Expand to see more Collapse to see less
The sun rises over Blackwater National Wildlife Refuge.
Sunset over Blackwater River Blackwater National Wildlife Refuge contains one-third of Maryland's tidal wetlands, which provide storm protection to lower Dorchester County. © Ray Paterra / USFWS

Protecting Marsh Migration Zones

REPI Challenge

In late 2020, The Atlantic Test Ranges and Naval Air Station Patuxent River were awarded a $3 million grant from the Department of Defense’s Readiness and Environmental Protection Integration (REPI) Program to protect land on Maryland’s Eastern Shore. The funds will be used to purchase easements on 4,000 acres of land, establishing a resilient ...

In late 2020, The Atlantic Test Ranges and Naval Air Station Patuxent River were awarded a $3 million grant from the Department of Defense’s Readiness and Environmental Protection Integration (REPI) Program to protect land on Maryland’s Eastern Shore. The funds will be used to purchase easements on 4,000 acres of land, establishing a resilient and connected marsh migration corridor and preventing incompatible development within the Navy’s fly zone. The U.S. Navy will partner with TNC, the U.S. Fish and Wildlife Service and others on the protection effort.

Since the award was announced, TNC has completed a land prioritization mapping exercise to identify the parcels that will provide the highest return on investment for people and nature. With TNC staff working on the ground with landowners, the Maryland REPI partnership is ready to begin the ambitious work of protecting 4,000 acres of critical coastal habitat.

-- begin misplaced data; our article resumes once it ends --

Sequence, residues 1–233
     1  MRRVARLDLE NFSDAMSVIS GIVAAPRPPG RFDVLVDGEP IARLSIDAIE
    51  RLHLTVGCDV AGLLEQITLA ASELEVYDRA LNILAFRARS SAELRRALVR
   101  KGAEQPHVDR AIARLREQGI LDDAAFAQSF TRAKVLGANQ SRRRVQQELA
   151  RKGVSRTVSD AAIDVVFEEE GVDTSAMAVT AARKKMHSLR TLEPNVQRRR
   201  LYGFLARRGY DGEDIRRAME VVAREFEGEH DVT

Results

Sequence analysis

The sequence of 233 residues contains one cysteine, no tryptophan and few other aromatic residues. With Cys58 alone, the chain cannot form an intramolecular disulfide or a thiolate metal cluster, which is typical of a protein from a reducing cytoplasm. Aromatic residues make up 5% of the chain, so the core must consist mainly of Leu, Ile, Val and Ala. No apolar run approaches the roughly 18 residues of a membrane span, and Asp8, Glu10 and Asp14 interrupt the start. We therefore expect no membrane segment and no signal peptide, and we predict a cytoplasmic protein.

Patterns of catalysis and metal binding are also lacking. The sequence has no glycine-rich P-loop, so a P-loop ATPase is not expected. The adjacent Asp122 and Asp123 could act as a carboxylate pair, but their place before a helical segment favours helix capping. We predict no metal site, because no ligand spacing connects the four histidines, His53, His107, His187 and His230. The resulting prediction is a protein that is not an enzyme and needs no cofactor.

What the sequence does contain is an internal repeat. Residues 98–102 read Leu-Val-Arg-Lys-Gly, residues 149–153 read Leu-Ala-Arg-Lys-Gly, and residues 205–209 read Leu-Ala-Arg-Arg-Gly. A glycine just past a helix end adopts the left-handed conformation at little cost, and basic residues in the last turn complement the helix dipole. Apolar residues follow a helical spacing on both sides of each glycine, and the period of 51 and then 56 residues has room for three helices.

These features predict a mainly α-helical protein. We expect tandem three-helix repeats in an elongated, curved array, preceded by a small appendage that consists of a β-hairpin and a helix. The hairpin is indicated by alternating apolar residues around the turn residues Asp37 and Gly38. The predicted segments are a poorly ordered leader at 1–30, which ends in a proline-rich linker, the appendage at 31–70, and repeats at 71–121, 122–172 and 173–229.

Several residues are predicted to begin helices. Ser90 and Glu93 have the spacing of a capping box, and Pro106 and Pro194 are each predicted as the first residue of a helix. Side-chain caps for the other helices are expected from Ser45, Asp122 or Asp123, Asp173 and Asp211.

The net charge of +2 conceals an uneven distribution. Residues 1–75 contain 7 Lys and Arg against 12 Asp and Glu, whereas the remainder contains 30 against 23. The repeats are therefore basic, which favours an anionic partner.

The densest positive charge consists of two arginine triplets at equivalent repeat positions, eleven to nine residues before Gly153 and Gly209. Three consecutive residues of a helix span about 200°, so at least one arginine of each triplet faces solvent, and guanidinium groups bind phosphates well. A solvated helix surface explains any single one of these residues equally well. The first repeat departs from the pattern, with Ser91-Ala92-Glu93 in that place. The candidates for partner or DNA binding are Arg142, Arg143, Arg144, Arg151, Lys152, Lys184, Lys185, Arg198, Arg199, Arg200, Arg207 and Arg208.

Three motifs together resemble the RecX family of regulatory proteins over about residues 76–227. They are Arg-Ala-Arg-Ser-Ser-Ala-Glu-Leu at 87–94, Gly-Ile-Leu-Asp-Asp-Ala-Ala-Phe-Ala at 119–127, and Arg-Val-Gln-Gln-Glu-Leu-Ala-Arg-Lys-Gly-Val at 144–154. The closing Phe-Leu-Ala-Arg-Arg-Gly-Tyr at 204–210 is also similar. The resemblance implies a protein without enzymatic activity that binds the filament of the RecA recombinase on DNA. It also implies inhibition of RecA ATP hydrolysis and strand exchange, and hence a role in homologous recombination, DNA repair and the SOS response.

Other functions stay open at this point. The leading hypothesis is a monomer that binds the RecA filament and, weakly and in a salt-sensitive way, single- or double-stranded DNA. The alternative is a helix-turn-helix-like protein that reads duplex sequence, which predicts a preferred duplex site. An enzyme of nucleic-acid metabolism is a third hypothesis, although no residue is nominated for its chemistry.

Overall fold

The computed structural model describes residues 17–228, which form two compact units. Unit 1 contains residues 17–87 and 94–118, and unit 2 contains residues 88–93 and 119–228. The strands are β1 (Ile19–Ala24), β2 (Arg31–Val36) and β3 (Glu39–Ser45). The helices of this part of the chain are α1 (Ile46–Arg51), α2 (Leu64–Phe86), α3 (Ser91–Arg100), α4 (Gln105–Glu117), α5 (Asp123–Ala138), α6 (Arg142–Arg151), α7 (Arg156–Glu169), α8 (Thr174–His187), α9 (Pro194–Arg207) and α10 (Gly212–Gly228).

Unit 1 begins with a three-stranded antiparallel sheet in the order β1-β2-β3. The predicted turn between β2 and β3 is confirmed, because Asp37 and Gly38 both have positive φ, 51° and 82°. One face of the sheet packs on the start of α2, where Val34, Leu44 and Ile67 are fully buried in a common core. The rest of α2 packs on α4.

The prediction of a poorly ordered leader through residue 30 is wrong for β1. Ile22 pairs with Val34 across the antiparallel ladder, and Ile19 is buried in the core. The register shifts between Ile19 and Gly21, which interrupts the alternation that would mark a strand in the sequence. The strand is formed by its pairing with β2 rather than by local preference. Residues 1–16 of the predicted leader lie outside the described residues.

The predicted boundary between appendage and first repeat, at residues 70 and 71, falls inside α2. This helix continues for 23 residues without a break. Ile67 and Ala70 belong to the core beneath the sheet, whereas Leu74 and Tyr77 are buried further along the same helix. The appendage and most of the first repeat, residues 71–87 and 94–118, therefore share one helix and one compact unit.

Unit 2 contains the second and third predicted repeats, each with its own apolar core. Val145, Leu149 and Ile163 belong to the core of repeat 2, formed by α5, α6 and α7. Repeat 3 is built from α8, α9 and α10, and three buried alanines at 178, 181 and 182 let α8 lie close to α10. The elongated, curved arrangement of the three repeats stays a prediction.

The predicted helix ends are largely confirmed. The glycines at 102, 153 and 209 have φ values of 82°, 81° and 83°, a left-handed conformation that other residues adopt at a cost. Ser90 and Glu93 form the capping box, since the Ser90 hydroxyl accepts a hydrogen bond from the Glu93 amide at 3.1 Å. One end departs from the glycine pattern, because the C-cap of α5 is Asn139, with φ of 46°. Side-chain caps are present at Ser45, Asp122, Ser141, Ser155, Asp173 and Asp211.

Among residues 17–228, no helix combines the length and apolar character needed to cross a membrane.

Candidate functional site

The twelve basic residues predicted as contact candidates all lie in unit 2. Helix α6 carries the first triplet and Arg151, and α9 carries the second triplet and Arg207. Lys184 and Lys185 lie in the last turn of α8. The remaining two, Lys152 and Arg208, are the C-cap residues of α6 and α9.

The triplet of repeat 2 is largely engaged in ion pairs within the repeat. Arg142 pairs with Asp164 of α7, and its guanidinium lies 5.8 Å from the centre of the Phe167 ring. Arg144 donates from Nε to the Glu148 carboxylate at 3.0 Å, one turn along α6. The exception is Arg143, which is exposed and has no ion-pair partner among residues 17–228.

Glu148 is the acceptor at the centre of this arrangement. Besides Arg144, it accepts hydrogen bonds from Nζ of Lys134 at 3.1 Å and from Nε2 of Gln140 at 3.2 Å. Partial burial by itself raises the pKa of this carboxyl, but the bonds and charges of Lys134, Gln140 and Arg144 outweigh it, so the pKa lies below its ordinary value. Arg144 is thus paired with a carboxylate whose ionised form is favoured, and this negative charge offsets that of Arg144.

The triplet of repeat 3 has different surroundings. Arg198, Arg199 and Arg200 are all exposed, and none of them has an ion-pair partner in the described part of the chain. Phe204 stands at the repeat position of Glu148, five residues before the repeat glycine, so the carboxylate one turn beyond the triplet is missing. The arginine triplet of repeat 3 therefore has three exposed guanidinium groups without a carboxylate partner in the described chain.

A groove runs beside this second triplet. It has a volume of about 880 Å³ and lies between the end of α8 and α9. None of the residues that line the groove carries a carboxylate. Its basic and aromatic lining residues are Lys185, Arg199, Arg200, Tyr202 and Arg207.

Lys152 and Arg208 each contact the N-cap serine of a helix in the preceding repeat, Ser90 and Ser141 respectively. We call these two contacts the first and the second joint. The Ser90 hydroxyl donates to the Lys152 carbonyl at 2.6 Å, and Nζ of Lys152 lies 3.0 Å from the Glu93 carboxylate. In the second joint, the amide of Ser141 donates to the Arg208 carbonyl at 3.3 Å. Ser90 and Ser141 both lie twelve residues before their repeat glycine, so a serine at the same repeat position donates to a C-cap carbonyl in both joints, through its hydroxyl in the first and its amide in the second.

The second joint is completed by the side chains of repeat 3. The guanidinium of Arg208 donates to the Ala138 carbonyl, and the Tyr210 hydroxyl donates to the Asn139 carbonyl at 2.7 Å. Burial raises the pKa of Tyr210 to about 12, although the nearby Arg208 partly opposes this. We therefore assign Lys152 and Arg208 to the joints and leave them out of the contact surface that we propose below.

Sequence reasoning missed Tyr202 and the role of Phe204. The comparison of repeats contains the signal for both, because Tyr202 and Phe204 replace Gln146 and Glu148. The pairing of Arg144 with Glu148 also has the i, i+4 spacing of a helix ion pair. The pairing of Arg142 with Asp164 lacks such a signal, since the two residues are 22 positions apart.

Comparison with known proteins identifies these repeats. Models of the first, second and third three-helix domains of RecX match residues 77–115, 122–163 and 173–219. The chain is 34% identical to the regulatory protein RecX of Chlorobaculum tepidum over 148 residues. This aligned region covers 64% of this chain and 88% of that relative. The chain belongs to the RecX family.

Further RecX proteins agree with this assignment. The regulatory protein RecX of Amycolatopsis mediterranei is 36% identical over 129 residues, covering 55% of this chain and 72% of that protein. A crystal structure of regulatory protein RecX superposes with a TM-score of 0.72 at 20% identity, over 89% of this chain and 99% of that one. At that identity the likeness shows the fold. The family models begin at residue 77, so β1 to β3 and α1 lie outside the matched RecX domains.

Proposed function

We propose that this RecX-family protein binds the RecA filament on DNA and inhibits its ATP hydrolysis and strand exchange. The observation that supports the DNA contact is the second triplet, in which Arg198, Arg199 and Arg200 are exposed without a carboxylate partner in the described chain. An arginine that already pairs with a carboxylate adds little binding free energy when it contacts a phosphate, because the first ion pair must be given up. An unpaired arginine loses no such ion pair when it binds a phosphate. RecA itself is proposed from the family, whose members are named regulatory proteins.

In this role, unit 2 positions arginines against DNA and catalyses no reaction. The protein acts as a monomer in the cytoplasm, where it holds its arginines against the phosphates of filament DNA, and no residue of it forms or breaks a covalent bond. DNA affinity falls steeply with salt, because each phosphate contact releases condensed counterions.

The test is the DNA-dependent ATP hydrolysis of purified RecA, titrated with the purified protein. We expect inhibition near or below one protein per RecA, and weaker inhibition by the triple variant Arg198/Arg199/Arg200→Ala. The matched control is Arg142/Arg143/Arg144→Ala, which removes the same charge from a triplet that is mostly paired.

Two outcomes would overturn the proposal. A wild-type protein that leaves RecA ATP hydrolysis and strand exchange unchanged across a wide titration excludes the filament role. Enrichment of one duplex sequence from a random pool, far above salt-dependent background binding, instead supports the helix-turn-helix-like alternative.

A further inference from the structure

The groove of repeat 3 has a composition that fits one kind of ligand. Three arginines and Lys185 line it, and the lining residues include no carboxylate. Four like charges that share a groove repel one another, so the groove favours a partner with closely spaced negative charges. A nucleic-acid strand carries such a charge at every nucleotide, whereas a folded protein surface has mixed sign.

Expand to see more Collapse to see less

Contact

Jackie Specht
Resilient Coasts Program Director
email: jackie.specht@tnc.org

Resources

  • Helping our coastal communities plan for and adapt to rising seas.

    Resilient Coasts Program Factsheet

    Helping our coastal communities plan for and adapt to rising seas.

    DOWNLOAD
  • Overview of the statewide coastal resiliency assessment completed in 2016 to inform coastal conservation and restoration decisions.

    Maryland Coastal Resiliency Assessment Factsheet

    The statewide assessment results include a Natural Features Analysis, Community Flood Risk Analysis, Marsh Protection Potential Index, and the identification of Priority Shoreline Areas for conservation or restoration actions.

    DOWNLOAD